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Figure:
The model test002 rendered solid and with wireframe.

Figure:
The model test002 fully decimated, rendered solid and with wireframe.

However, when we try to fully decimate another model, specifically
test003 (see Figure ), our method
for edge detection gets greedy and marks edges that can be removed as
nonremovable (see Figure
. In this figure,
note that there are vertices along the edges. These are considered boundary
vertices[#!shroeder!#], and can be removed safely. The ideal solution for this
mesh on any simplification algorithm should be to remove all vertices (except
for the four corners), therefore creating a four vertex and two triangle
rectangle.
Figure:
The model test003 rendered solid and with wireframe.

Figure:
The model test003 fully decimated, rendered solid and with wireframe.

When we simplify a mesh we expect a visually accurate depiction of
the mesh, within a suitable threshold. Our algorithm can create ideal
representations from certain geometrically generic meshes. In Figure
, we use a geometrically basic
model: a cube. This cube has many similar vertices; more specifically, most
vertices lie flat on one of the six sides of the model. With help from edge
detection, decimating the model using our program produces the ideal result. In
Figure , we see that
the model has become minimal, since a cube that is represented by a triangle
mesh can contain at the very least eight vertices and 12 triangles.
Figure:
The model test004 rendered solid and with wireframe.

Figure:
The model test004 fully decimated, rendered solid and with wireframe.

Our algorithm sometimes decimates with less than ideal results. In Figure
, we see the original mesh of a
hollow cylinder, or a tube. Unlike the cube from the previous figures, when we
decimate the model, the mesh starts to collapse upon itself (see Figure
). After only completing eighty
percent of the vertex removal process, the model starts to produce jagged edges.
This is the result of our corner detection algorithm, which only marks vertices
as corners when all angles between faces incident upon the vertex are smaller
than a threshold. Since the top and bottom of the cylinder are round, there are
some angles between adjacent faces here that are not corners. If we did not
remove these vertices, we would also not remove the edges of a cube, thus
limiting the ability to simplify in many geometrically primitive cases.
Figure:
The model test005 rendered solid and with wireframe.

Figure:
The model test005 decimated to eighty percent, rendered solid and with
wireframe.

Here we explore how rendering a simplified mesh with smooth shading
enabled gives a better visual result. Figure
shows the original mesh of the test009 model. This image has many hard edges
that are a result of the representation of the model as a mesh of flat
triangles. In the next image (Figure ),
the original mesh appears to have less sharp edges: look at the tabletop in
particular. In the second image, the OpenGL option GL_SMOOTH has been enabled.
This means that the colors of all adjacent triangles are blended across each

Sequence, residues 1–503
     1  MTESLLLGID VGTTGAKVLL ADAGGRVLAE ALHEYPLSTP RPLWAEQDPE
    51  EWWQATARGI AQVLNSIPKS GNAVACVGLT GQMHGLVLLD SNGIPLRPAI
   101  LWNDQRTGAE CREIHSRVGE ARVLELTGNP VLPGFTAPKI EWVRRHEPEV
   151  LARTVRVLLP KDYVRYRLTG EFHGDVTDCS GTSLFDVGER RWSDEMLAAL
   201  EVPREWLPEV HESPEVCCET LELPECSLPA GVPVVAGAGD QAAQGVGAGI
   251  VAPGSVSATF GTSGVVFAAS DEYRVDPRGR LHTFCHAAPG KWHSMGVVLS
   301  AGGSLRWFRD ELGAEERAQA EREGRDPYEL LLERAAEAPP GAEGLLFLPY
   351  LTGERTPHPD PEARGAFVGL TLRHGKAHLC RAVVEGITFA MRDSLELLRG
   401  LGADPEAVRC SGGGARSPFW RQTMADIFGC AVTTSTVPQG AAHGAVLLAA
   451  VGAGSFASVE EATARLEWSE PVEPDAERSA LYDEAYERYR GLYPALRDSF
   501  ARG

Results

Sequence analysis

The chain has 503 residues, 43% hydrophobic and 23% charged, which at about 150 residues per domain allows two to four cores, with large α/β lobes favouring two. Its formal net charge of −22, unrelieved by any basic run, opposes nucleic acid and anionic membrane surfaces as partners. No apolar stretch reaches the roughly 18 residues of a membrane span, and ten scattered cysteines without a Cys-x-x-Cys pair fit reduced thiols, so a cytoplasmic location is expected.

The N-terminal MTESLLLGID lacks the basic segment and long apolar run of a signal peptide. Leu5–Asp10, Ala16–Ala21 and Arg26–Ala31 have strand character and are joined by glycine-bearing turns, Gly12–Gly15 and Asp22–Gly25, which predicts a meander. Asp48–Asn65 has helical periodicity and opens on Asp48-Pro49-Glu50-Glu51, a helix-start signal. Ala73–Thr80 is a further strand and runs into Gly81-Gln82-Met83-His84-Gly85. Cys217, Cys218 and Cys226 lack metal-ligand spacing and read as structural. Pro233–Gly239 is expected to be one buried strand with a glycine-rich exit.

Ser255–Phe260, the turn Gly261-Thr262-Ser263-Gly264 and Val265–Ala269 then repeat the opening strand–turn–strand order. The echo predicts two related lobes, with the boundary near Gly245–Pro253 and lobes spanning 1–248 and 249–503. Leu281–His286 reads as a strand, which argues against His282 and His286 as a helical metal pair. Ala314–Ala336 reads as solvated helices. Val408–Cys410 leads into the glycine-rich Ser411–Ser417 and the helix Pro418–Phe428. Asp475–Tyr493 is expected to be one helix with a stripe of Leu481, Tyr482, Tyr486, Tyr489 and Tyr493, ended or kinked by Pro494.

triangle to make a smoother representation; hence, the mesh appears smoother.
Figure:
The model test009 rendered solid and with flat shading.

Figure:
The model test009 rendered solid and with smooth shading enabled.

The GL_SMOOTH option becomes even more valuable as we decimate the
model. In the next image (Figure ), the
mesh has been decimated to sixty percent of its original size. Removing 34,542
vertices from the model leaves 23,028 vertices that are still rendered. With
this few vertices still being rendering, the model looks much more blocky. In
Figure , we enable smooth shading:
the mesh appears less rough.
Figure:
The decimated model rendered solid and with flat shading.

Figure:
The decimated model rendered solid and with smooth shading enabled.

Figure shows a comparison of these models
in greater detail. This figure is an image of the two levels of detail (original
and sixty percent), each with flat shading and smooth shading enabled. The top
left is the original model with flat shading. The top right is the sixtypercent
decimated model with flat shading. Here we clearly see the difference in polygon
count. The model in the top right has significantly fewer polygons and looks
jagged. The bottom two viewports show two visually similar models. The bottom
left viewport is the original 114,880 polygon mesh, and the bottom right
viewport contains the decimated model with only 45,792 polygons. Both were
rendered with smooth shading; the only difference between the top right and
bottom right viewports is that smooth shading has been enabled in the bottom
viewport. We conclude that the GL_SMOOTH feature in OpenGL helps to increase
the visual quality of a simplified mesh.
Figure:
The model test009 rendered with flat shading on the top and smooth
shading on the bottom. The two levels of detail are the original model on the
left, and the decimated model on the right.

Next: Geometric Error
Up: Analysis
Previous: Analysis
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Tim Garthwaite
20020203